7. The apparatus for controlling the level of luminance produced by the color light-emitting diode (LED) array of claim 5, further comprising: a discontinuous mode (DM) logic module communicatively coupled to the current bypass switch to selectively enable and disable the current bypass switch to control the width of each light flux pulse; and a master control logic module coupled to the DM logic module to establish DM operation when large dimming ratios are desirable due to low ambient light levels, to initiate a sequence of flux bit slices and to sequence a set of primary color enable signals used to select the predetermined light flux magnitude set-point signal associated with the predetermined primary color for the predetermined number of light flux pulses.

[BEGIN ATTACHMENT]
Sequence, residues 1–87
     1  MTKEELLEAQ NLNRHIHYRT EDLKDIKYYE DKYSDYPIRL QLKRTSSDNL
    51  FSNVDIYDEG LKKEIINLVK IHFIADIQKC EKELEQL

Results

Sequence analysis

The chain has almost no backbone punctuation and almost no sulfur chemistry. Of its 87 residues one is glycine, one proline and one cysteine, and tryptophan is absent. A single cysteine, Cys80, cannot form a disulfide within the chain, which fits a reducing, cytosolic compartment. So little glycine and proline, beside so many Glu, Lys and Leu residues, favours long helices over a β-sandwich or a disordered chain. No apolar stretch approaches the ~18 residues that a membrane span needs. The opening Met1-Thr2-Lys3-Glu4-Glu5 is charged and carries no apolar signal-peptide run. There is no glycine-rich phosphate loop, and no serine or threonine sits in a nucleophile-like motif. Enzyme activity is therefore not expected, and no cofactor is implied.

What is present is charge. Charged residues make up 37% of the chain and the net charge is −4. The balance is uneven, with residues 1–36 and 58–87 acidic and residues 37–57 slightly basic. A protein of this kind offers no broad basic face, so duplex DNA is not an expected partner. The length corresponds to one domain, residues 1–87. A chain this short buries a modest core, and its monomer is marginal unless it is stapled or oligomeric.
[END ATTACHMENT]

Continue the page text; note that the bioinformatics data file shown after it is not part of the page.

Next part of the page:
8. The apparatus for controlling the level of luminance produced by the color light-emitting diode (LED) array of claim 5, further comprising: a PWM logic module coupled to the PWM selector to generate the predetermined light flux magnitude set-point signal associated with the predetermined primary color for the predetermined number of light flux pulses to be generated during the bit-slice period and to generate a signal representing the predetermined magnitude of current to be regulated through the energy storage device; an LED aging compensation logic module coupled to the PWM logic module to adjust the predetermined light flux magnitude set-point over the life of the selected LED as the selected LED ages as a function of an anode-to-cathode voltage drop across the selected LED for a given current flowing through the selected LED; a high-side voltage analog-to-digital converter (ADC) coupled to the LED aging compensation logic module to convert a sensed anode voltage of the selected LED; and a low-side voltage and current ADC coupled to the LED aging compensation logic to convert a sensed cathode voltage of the selected LED.